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Flint shows Michigan, nation, how volunteering can be rite of passage

Aug 31, 2015

The Next Idea

In Michigan and across the country, our society is suffering from a lack of civic engagement. Many people do not have strong connections to their communities. In addition, we have vast unmet needs in our cities, our neighborhoods, and our other social infrastructure. Government has limited resources, and communities are suffering. But there is a generation of young people like me who want the opportunity to make a difference in our country by helping communities address their most difficult social challenges.

Flint is a national leader in its use of AmeriCorps volunteers to help with issues such as education and public safety.
Credit Courtesy of Michigan Nonprofit Association

According to the Pew Research Center, 21 percent of millennials say that helping others in need is one of the most important things in their lives, while only 15 percent say the same about having a high-paying career . 

What it means to be civically engaged is changing. 

In the past, the only way you could serve your country was through military service or the Peace Corps. Now the younger generations are demanding integrated engagement opportunities, such as longer volunteer opportunities in their own communities and shopping at stores that support a social mission.

What if every young person in Michigan had the opportunity to address community challenges in areas such as health, education, and conservation while developing job skills and a strengthened sense of civic responsibility?

So what’s the Next Idea?

Enter the concept of a service year. Typically, in exchange for a modest stipend and living arrangements, participants are paired with a non-profit organization and commit to work on the ground to help advance its mission for one calendar year.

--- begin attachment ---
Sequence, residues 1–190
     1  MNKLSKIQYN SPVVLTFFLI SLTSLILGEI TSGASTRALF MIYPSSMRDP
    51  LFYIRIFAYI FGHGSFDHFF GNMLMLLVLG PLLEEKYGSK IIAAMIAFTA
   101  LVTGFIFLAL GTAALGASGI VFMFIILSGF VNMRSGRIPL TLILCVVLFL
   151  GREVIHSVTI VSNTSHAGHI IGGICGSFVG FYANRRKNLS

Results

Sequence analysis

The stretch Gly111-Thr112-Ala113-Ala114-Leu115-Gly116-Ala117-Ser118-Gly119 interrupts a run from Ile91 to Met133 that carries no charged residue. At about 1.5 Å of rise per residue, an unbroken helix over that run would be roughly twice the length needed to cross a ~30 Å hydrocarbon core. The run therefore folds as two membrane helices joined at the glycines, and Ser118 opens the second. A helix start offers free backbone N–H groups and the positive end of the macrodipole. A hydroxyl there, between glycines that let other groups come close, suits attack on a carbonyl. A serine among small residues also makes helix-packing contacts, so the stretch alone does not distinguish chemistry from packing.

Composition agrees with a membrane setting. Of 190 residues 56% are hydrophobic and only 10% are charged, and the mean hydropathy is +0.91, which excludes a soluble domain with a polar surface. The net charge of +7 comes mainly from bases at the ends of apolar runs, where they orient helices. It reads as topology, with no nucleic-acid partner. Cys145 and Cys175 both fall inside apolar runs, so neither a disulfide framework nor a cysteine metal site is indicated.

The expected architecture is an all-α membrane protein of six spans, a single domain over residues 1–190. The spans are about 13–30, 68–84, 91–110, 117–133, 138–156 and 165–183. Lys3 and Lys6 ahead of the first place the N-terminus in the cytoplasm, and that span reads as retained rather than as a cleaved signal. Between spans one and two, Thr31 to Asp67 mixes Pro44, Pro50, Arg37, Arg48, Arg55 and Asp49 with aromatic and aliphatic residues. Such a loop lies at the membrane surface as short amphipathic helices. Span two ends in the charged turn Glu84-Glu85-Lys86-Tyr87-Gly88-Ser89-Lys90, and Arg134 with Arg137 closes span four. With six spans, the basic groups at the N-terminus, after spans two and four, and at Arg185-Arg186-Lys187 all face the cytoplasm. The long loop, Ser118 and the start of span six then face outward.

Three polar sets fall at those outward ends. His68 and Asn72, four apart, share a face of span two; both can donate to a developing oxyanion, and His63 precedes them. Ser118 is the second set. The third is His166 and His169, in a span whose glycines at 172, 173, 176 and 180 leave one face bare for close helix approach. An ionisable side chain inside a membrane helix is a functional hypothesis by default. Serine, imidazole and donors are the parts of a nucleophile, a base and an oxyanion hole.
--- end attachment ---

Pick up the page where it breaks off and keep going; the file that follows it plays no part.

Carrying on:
This is not a new idea. Traditional national service programs like AmeriCorps, VISTA, Senior Corps, and the National Civilian Conservation Corps (NCCC) have been providing opportunities for people to serve with local nonprofits for years.

What is new, however, is the rising demand for more of these kinds of opportunities. Last year more than half a million applications were submitted for service positions nationally. In Michigan, although we have more than 11,000 people of all ages participating in national service, even more would like to serve but there just aren’t enough positions available. This is a great problem to have, and one worth finding solutions for immediately.

An expansion of service-year opportunities could engage so many more 18- to 28-year-olds and unleash a reservoir of human capital to help repair our state.

Groups such as the Franklin Project and its Service Year Alliance partners are focused on promoting what they refer to as “the big idea.” They believe that a year of service should be a civic rite of passage because it will connect us to something bigger than ourselves and to the idea that citizenship requires more from each of us than is currently expected.